The decision means the end of a European approach to climate policy. The paradox is that all the politicians who are constantly calling for more harmonization of climate policy in the EU and internationally are sending the policy back to the national level. That is an enormous step backwards -- also for global climate policy. Even China is now starting to pursue emissions trade. South Korea and Australia have already implemented it, and California has started a very ambitious system.
There were largely two kinds of opponents. For the larger contingent, the opposition on the right, this wasn't at all about emissions trading. They want to break the climate change policy itself. And they might even manage to do that on the EU level.
And the opposition from the left, argues that it's not good for the markets to regulate it. They want environmental protection by other means. But they recognize that we need efforts that are feasible on a global scale. CO2 taxes and renewable energy laws are interesting tools, but in the end they are not feasible across the globe. Emissions trading, despite all its problems, is the measure with the greatest perspective. And now it's being broken.
The European Commission, the EU's executive branch, had proposed measures that would have increased the price per ton of emitted carbon dioxide that companies must pay under the bloc's Emissions Trading System (ETS), which was set up in 2005. EU lawmakers narrowly rejected the bill 334 to 315, with 63 abstentions.
The ETS was initially lauded by environmental advocates as the world's most ambitious effort to combat climate change. The number of certificates granting permission to emit carbon dioxide is capped, and companies can trade those certificates on the open market, in theory giving an economic incentive to invest in cleaner energy.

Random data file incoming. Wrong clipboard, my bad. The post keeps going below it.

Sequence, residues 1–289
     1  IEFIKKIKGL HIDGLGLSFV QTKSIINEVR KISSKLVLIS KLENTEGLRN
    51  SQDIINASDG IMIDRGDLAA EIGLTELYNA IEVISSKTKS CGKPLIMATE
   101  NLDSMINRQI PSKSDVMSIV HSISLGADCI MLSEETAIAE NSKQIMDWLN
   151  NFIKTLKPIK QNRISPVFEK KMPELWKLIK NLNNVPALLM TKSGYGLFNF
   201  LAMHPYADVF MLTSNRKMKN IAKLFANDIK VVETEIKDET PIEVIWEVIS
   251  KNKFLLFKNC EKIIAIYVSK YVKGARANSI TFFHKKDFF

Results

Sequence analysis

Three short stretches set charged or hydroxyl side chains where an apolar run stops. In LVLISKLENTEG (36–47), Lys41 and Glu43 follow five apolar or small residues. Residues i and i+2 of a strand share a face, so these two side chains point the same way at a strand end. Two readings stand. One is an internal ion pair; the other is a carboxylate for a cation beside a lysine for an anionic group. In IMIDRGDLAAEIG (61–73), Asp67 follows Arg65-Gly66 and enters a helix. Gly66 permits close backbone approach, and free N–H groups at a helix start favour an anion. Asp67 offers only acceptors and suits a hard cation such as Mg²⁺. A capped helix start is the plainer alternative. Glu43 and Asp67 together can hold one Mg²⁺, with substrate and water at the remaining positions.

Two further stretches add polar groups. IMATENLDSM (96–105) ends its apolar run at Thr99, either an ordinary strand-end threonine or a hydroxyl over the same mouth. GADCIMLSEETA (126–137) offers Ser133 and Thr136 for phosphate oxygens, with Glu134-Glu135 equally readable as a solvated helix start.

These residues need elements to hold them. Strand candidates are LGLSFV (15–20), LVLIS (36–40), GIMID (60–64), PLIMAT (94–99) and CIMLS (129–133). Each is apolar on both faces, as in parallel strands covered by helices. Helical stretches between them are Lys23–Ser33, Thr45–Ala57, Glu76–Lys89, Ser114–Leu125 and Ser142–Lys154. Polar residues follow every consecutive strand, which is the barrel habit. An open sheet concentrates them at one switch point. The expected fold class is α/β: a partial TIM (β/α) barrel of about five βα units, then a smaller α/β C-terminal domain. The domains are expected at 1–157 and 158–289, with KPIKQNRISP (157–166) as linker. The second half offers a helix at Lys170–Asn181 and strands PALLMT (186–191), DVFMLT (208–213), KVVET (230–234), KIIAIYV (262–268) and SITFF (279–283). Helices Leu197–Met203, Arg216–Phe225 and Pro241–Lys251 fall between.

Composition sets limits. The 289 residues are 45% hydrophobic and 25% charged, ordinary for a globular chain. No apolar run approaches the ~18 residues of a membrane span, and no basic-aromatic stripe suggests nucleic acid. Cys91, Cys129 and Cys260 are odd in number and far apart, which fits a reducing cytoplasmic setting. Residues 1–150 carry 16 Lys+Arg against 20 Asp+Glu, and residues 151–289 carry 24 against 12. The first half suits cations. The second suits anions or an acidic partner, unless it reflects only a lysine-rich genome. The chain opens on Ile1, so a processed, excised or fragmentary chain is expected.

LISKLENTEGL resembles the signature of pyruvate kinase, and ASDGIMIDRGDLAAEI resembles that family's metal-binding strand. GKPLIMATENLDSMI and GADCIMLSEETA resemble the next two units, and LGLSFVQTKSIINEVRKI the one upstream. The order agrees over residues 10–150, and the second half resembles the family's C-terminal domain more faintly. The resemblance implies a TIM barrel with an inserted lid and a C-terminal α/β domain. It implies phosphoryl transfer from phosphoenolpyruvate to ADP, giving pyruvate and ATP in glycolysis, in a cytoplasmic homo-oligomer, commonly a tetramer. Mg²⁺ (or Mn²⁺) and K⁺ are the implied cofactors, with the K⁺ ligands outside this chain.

However the economy slump in Europe has caused the price of the emission certificates to drop dramatically, currently hovering around €5 ($6.50) per ton of carbon dioxide. The European Commission's plan would have delayed the auctioning of 900 million additional pollution certificates. While the European Parliament voted down the bill, it sent it back to committee for revision, leaving the door open for future reform.
Europe's once celebrated cap-and-trade system to limit carbon emissions has languished. The economic crisis has caused the price of emissions licenses to plummet, and a recent remedy to the problem has been rejected by EU lawmakers.
By Guylain Gustave Moke
Climate Change Activist: The 11Hour